Posting information is like pornography, a slick, impersonal exhibition. Exchanging stories is like making love: probing, questing, questioning, caressing. It is mutual. It is intimate. It takes patience, devotion, sensitivity, subtlety, skill—and it teaches them all, too. (…)
Now, in the age of the entrepreneurial self, even our closest relationships are being pressed onto this template. (…) “There do not seem to be any singletons—disconsolately lurking at the margins—nor do dyads appear, except fleetingly.”
“ "Physics is a form of insight, and as such, it’s a form of art." ”—David Bohm, American-born British quantum physicist who made contributions in the fields of theoretical physics, philosophy and neuropsychology, and to the Manhattan Project (1917-1992) cited in Image and Insight:The Integration of Art and Physics
“For man loves knowledge, and the beams of Truth
More welcome touch his understanding’s eye,
Than all the blandishments of sound his ear,
Than all of taste his tongue. Nor ever yet
The melting rainbow’s vernal-tinctur’d hues
To me have shone so pleasing, as when first
The hand of Science pointed out the path
In which the sun-beams gleaming from the west
Fall on the watery cloud, whose darksome veil
Involves the orient; and that trickling shower
Piercing through every crystalline convex
Of clustering dew-drops to their flight oppos’d,
Recoil at length where concave all behind
The internal surface on each glassy orb
Repeals their forward passage into air;
That thence direct they seek the radiant goal
From which their course began; and, as they strike
In different lines the gazer’s obvious eye,
Assume a different lustre, through the brede
Of colours changing from the splendid rose
To the pale violet’s dejected hue.”—Mark Akenside, English poet and physician (1720-1771), The Pleasures of the Imagination(1744) (excerpt) cited in The Poems Of Mark Akenside, London: W. Bowyer and J. Nichols, 1772. Reprint Chadwyck-Healey English Poetry Full-Text Database: Cambridge, 1992, Bk. II, ll. 97-120, p. 50-1.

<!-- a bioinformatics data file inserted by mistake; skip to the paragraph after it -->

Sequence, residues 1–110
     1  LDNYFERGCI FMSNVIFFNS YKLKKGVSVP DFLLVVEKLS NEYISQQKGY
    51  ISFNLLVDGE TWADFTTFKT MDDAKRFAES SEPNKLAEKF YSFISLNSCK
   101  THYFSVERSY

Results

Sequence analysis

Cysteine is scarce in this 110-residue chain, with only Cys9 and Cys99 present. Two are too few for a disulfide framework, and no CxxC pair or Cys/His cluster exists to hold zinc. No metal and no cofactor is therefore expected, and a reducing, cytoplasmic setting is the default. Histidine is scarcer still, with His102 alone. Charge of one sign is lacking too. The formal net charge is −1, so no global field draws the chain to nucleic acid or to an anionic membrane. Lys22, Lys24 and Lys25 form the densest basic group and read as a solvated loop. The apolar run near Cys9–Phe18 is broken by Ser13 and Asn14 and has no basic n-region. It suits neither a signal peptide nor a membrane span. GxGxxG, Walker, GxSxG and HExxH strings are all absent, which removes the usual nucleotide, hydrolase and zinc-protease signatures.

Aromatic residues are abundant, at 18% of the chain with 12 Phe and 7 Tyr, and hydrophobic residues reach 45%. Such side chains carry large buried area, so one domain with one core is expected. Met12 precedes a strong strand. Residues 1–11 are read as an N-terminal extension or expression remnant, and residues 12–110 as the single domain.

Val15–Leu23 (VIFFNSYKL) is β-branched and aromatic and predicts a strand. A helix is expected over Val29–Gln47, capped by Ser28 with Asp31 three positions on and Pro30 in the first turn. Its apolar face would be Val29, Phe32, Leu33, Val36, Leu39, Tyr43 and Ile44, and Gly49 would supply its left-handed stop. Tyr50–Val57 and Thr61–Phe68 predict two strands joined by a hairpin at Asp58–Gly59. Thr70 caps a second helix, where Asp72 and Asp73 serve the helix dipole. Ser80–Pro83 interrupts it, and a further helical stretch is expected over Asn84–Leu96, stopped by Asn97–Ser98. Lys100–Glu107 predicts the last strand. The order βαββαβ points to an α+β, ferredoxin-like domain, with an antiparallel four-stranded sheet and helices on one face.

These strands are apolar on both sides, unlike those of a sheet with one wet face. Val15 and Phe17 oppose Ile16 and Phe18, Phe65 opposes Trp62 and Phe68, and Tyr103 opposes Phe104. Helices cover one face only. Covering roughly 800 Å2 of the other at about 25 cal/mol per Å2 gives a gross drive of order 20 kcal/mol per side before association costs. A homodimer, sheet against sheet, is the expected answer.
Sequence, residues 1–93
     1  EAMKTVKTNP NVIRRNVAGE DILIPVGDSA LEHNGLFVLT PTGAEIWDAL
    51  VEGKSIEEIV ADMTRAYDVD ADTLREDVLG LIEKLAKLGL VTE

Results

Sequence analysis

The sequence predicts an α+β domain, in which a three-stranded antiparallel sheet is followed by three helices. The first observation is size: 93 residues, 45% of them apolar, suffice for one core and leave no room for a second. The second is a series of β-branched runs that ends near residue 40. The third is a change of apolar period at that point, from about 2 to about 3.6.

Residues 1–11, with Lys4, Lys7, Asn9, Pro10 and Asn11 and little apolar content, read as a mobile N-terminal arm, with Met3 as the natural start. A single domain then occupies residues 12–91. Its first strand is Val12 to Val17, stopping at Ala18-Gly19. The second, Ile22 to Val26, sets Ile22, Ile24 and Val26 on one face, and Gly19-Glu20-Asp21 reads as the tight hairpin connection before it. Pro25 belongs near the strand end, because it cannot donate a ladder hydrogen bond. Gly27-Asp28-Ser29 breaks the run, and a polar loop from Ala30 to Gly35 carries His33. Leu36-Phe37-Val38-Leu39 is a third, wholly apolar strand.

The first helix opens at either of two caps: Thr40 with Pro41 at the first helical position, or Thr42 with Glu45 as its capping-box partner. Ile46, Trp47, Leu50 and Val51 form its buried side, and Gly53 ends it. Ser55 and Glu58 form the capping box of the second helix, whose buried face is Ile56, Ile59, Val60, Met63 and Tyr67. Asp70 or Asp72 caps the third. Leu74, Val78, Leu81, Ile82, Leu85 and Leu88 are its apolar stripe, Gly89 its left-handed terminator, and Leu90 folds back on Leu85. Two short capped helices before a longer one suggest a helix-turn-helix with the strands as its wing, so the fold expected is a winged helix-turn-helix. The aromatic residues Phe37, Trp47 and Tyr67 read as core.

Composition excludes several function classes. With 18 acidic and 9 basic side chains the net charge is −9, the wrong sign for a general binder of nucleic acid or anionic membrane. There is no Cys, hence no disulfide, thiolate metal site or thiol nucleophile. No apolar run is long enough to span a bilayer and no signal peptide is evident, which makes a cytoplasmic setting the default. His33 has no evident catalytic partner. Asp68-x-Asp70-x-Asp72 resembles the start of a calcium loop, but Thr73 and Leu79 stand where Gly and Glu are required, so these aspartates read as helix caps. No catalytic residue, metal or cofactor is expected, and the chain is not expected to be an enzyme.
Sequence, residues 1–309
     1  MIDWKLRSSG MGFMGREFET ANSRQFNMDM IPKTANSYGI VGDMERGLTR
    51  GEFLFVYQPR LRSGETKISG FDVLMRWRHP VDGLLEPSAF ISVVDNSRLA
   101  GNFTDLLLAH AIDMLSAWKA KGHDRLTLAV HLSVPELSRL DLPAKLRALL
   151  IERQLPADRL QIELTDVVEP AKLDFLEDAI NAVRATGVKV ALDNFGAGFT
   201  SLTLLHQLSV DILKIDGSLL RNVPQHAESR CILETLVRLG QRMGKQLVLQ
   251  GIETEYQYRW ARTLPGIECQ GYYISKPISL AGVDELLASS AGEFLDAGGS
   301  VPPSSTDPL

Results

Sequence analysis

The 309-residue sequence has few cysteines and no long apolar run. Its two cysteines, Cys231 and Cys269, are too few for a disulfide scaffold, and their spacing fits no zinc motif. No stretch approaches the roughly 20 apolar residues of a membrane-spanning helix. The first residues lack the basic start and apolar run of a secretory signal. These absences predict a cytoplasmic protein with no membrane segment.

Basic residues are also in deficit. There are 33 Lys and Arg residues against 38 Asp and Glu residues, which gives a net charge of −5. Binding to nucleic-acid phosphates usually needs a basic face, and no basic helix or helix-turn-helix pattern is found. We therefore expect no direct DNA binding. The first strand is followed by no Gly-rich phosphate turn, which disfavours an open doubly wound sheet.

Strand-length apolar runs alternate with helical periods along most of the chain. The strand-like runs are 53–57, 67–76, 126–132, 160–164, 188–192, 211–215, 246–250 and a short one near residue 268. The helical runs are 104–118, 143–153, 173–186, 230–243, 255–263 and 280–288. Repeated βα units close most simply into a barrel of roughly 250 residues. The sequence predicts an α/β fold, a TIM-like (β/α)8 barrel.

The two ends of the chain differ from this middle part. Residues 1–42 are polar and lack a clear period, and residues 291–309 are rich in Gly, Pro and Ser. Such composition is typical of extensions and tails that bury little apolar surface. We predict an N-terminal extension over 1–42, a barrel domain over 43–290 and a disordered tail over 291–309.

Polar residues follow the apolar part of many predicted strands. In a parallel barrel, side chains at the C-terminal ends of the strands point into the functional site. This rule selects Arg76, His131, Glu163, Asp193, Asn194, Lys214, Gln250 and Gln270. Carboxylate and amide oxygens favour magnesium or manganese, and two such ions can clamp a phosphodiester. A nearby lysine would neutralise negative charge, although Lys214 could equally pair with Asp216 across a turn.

“ “Has it ever struck you… that life is all memory, except for the one present moment that goes by you so quickly you hardly catch it going? It’s really all memory… except for each passing moment.” ”—Tennessee Williams, American writer who worked principally as a playwright in the American theater (1911-1983), The Milk Train Doesn’t Stop Here Anymorecited in Michael Chorost, World Wide Mind (tnx johnsparker)
“We have been seeking evidence of how, for you as a conscious creature, phenomenal consciousness changes your worldview, so as to change the direction of your life. We have seen first how it makes you care about pure being and promotes your will to live, and next how it makes you attribute value and meaning to things in the external world. I would say these effects, between them, are quite sufficient to explain why natural selection would have redesigned sensation to give it phenomenal qualities, probably quite early on in evolution, and at any rate long before our ancestors became human. (…)
Indeed, what a strange state of affairs. Nothing else in the world is private in the same way that conscious experience is. Everything else in the world joins up in the four-dimensional space-time manifold that basic physics says is sufficient to describe the universe. But consciousness, it seems, is essentially different. Each individual’s consciousness is as much a world apart, on its own plane of existence, as is each separate universe in the “multiverse” that cosmologists sometimes fantasize about. Forget the open doors between one conscious self and another; it seems there is not even the possibility of tunneling through a wormhole.” ”—Nicholas Humphrey, English psychologist, former professor at the London School of Economics, Soul Dust: The Magic of Consciousness , Princeton University Press, 2011 (tnx johnsparker)
“Vlatko Vedral on Information, Universe and natural laws